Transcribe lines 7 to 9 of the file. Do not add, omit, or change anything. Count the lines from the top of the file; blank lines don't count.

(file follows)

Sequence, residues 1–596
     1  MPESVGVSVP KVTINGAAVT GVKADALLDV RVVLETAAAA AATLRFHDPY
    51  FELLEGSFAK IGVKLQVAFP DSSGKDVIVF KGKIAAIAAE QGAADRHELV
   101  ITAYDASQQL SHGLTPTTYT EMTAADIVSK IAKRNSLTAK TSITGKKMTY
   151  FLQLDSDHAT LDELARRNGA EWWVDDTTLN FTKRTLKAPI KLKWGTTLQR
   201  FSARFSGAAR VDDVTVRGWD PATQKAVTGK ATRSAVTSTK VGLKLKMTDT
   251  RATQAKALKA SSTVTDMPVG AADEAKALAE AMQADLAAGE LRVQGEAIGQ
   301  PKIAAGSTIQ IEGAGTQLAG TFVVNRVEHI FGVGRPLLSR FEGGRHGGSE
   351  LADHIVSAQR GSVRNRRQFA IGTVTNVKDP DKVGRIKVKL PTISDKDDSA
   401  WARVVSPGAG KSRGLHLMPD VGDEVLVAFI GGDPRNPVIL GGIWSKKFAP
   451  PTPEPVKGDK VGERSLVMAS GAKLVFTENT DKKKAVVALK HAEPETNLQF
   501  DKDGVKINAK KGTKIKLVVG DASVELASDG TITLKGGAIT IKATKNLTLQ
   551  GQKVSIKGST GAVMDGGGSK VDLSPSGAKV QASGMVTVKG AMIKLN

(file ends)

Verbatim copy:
   251  RATQAKALKA SSTVTDMPVG AADEAKALAE AMQADLAAGE LRVQGEAIGQ
   301  PKIAAGSTIQ IEGAGTQLAG TFVVNRVEHI FGVGRPLLSR FEGGRHGGSE
   351  LADHIVSAQR GSVRNRRQFA IGTVTNVKDP DKVGRIKVKL PTISDKDDSA